Charlotte Rich is director of education at the Annapolis Maritime Museum, which is located just across the Eastport peninsula from the NOAA Chesapeake Bay Office’s headquarters in Annapolis, Maryland.
In addition to providing visitors a look into Annapolis’s maritime heritage, the Annapolis Maritime Museum runs a robust student education program. From the museum, one can—with binoculars—see the CBIBS Annapolis buoy.
Proximity to the buoy makes using CBIBS in the Annapolis Maritime Museum’s educational program a natural fit, as it provides a tangible link for students to see what real-time conditions are in their Chesapeake Bay. At the museum, students get a complete STEM (science, technology, engineering, and math) learning experience centered on buoys and the scientific information they collect. They explore water-quality data from the buoys and later design, build, and test their very own buoys.
“We have expressed concepts of how the buoys monitor water quality of the Bay, water temperature, clarity, dissolved oxygen, and salinity through presentations; as part of the NOAA Build-a-Buoy lessons; and the buoy-based STEM lessons within the eighth-grade ‘Chesapeake Stewards’ program,” said Charlotte, shown here with students from Annapolis's Tyler Heights Elementary School at the Annapolis Maritime Museum during the Chesapeake Champions afterschool program. They also plan to have students interpret data from the buoys taken during and after Hurricane Irene in the future.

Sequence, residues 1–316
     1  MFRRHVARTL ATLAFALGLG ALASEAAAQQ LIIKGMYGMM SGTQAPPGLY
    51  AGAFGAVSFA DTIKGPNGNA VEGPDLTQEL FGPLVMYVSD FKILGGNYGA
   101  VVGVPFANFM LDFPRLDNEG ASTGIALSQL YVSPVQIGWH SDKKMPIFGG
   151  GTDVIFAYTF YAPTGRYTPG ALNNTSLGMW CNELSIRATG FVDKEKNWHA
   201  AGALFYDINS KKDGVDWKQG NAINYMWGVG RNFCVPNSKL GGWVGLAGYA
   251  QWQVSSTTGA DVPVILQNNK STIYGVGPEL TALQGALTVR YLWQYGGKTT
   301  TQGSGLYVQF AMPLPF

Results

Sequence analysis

The Museum accesses CBIBS data on the CBIBS website, iPhone app, and via the 877-BUOY-BAY toll-free number. Students learn that they can use these tools to track what’s going on in the Bay, too.
“Using CBIBS data provides students opportunities to work collaboratively in a team, build interpersonal skills, and use science, technology, engineering, and math to extend their content knowledge of the Chesapeake Bay, water quality, runoff, human impacts on the natural resources of the Bay, ways scientists monitor water quality, water safety, how to interpret data, create an action plan, stewardship and sustainability,” Charlotte listed, “just to name a few.”
When she started working with the Annapolis Maritime Museum in 2009, Charlotte already knew about CBIBS as well as the NOAA Chesapeake Bay Office-developed Build-a-Buoy activity that introduces students to observational buoys. She knew she wanted to incorporate them into existing and new education programs at the Museum.
Charlotte uses CBIBS data when she’s off the job, too: “I do enjoy water-based sports like sailing, kayaking, wake boarding, and swimming in the Severn and Magothy Rivers and the Chesapeake Bay. Using the CBIBS data provides me with real-time information about the conditions on the water in these areas.”